By the scale of their work, the Zimmer-Nolan duo can compete only with the aforementioned duo of Williams and Spielberg. When it comes to the music of The Dark Knight, it is difficult to split the trilogy apart, since the films are interrelated. Each part the film becomes more epic and the music becomes larger-scale. For example, in the final section Zimmer uses new elements that were not present in previous films—a choir and percussion. As a final touch, the music reused an element from Batman Begins—a theme gradually increasing in drama and reaching a great climax.
The soundtrack from Planet of the Apes takes a different approach to writing film music. Written in the traditions of classical music, it conveys the general atmosphere rather than focusing on specific images. This approach was common in the film music of the mid-20th century, and Jerry Goldsmith, who learned from the renowned film composer Miklos Rozsa, picked up his approach. It’s interesting how the role of the strings in the soundtrack is minimized and the piano and various percussion instruments come to the forefront. Through various methods and non-standard sound production (e.g. knocking on instruments), the composer shows us the phantasmagoria of a world in which the apes rule, and people are just animals.
This large scale soundtrack, created using many means of modern music technology, was written by James Horner. Before he composed the soundtracks to Cameron’s Aliens and Titanic. The composer collaborated with Wanda Bryant, musical ethnographer, to create the musical culture of the alien race. Horner worked on the soundtrack from 4:00 AM until 10:00 PM every day, admitting that Avatar was the most challenging film he had worked on and his greatest work up until that point. For example, Horner wrote the choir in the Na'vi language separately from the musical accompaniment, and then combined them into a single composition. The choral singing was recorded in March 2008, the music accompaniment in the spring of 2009.
John Murphy is a self-taught musician, composer, and multi-instrumentalist, who began his career in the 1980s, has worked with many artists, and in the early 1990s began writing music for films. The name of his track for Sunshine—"Adagio in D minor"—displays his love of classical music (Bach, Puccini, etc.) as well as his approach to writing the soundtrack. This is a typical Adagio with large stringy melody and big bars and could well be the second movement of some modern symphony and in general even resembles the famous "Adagio for Strings" by Samuel Barber. Of course a modern movie needs a refreshed version of such classic slow movement, and for this purpose Murphy applied pulsating bits, which makes it sound fresh and original.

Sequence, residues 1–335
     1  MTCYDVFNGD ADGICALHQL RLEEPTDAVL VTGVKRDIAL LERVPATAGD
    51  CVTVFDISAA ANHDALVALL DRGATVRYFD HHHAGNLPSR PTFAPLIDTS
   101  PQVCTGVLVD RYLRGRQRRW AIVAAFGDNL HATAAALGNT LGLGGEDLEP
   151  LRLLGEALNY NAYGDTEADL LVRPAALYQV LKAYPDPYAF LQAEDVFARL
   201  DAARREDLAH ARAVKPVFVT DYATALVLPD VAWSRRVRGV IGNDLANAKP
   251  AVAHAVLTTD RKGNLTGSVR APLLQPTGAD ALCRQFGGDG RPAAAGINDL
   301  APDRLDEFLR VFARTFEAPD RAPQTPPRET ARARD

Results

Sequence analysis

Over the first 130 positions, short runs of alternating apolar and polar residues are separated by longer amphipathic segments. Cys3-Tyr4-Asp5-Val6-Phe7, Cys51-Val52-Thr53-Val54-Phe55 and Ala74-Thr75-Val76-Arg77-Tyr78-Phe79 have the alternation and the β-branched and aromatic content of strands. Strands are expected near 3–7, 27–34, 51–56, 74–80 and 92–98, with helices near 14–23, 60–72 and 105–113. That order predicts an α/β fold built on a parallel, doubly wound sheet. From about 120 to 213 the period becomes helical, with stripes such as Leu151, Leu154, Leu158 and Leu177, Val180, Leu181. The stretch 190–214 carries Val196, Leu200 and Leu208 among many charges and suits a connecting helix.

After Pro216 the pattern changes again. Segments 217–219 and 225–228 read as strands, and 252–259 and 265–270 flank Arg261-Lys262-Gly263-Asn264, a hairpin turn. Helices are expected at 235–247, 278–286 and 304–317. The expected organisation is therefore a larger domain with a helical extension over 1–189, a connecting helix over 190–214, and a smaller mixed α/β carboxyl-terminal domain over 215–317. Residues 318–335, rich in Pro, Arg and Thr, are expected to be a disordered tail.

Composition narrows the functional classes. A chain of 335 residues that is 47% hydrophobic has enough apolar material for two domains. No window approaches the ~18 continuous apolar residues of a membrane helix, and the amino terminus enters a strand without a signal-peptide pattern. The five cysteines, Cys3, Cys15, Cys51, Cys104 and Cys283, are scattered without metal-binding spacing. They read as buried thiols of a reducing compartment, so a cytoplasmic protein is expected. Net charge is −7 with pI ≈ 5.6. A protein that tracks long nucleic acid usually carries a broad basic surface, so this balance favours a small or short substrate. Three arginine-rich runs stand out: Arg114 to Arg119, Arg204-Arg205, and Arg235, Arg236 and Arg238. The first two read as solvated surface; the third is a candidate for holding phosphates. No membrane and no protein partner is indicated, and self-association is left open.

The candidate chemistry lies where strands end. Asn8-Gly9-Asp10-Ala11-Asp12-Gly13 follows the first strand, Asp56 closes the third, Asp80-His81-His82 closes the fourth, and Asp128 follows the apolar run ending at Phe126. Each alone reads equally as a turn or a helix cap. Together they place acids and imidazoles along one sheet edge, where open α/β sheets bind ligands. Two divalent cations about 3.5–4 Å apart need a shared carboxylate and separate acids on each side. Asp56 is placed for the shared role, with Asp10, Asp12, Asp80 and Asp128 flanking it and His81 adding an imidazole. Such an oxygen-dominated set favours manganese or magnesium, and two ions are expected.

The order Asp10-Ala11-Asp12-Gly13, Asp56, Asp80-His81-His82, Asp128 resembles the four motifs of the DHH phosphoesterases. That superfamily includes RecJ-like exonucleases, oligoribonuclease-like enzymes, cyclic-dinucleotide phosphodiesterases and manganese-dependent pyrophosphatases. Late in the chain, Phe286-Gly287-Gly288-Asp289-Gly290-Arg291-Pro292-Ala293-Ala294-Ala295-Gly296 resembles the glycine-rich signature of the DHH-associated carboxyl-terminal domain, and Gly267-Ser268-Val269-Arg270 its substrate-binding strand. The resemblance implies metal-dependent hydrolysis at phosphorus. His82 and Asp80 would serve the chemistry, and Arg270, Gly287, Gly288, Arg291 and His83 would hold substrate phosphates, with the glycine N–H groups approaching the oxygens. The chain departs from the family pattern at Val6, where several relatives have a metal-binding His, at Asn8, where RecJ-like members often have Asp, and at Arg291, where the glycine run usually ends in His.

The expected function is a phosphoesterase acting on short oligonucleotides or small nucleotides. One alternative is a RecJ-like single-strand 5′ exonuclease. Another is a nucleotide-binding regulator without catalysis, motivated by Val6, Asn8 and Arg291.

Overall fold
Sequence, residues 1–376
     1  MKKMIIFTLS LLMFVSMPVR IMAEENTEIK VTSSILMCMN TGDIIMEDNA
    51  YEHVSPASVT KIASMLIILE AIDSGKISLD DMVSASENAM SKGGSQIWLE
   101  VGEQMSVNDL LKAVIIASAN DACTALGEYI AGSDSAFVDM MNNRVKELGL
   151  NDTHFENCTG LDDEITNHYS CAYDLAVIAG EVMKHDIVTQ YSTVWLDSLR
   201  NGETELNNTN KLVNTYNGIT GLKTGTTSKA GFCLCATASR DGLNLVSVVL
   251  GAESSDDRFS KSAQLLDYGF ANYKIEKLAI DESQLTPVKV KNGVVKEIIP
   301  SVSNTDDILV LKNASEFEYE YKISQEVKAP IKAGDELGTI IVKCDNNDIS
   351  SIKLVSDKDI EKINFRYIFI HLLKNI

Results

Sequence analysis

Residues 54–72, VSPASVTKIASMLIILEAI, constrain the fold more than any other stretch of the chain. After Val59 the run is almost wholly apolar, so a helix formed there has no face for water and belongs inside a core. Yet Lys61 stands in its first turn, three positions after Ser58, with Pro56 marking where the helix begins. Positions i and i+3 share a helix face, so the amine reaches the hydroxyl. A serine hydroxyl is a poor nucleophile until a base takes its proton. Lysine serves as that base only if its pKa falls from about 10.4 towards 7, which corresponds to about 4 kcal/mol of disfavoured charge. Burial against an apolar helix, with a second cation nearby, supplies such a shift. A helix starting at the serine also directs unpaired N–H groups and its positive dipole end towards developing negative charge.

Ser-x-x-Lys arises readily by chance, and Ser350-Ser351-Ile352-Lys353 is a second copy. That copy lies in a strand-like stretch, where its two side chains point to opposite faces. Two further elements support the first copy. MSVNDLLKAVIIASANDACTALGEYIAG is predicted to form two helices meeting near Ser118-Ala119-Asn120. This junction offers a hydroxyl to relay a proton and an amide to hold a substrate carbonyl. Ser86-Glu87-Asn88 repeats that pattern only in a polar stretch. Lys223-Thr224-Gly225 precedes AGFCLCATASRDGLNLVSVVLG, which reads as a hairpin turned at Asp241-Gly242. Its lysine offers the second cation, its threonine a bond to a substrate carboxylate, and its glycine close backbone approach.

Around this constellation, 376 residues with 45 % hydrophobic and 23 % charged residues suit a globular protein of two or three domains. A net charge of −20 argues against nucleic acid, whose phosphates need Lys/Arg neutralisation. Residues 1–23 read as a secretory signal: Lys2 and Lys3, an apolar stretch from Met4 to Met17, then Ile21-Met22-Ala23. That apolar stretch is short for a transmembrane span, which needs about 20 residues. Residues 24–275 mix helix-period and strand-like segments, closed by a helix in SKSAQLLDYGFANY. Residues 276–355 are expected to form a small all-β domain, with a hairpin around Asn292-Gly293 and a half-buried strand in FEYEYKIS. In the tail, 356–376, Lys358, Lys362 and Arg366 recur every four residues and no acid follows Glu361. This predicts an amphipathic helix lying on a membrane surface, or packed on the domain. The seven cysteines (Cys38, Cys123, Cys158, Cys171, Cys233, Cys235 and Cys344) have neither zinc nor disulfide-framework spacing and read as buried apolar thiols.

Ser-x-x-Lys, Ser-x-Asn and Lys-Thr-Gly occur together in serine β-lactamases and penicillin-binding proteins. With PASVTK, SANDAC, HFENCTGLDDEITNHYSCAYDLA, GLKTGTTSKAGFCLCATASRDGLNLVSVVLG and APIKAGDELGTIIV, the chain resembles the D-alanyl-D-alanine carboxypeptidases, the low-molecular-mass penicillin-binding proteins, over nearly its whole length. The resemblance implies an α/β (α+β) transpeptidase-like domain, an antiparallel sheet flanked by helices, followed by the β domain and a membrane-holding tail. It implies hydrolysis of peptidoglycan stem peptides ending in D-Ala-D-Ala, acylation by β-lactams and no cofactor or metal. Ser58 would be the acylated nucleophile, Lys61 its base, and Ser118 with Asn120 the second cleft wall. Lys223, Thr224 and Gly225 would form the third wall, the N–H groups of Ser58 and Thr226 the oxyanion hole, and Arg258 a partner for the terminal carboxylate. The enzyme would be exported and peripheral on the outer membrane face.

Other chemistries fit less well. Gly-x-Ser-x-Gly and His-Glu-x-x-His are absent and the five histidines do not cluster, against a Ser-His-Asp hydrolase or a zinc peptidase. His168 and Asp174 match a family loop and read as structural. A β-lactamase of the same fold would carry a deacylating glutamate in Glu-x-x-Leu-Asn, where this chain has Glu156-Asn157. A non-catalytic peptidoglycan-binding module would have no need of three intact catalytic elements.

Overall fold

Although there is a lot of music used in the film (Rage Against the Machine, Propellerheads, Ministry, Massive Attack, The Prodigy, and many others), The Matrix first and foremost glorified its composer, Don Davis. Studying the film, Davis noticed that the reflection effect is used in the movie quite often: The reflections of red and blue pills in Morpheus’ glasses, Trinity watching the agents putting Neo in their car through the rear-view mirror on her motorcycle, and so on. Therefore, while writing the music, the composer focused on the theme of reflections, combining the orchestral themes with the contrapuntal ideas.
John Carpenter’s films are often supplemented by distinctive music composed by the director himself and performed on a synthesizer. As a result, the director personally wrote the soundtracks to almost all of his films. Many of of Carpenter's compositions have been recognized as cult ones. His style varies within the pop-rock/new age. In this film the music goes quite smoothly, with a couple of memorable tracks and individual motives, giving the film a stunning atmosphere.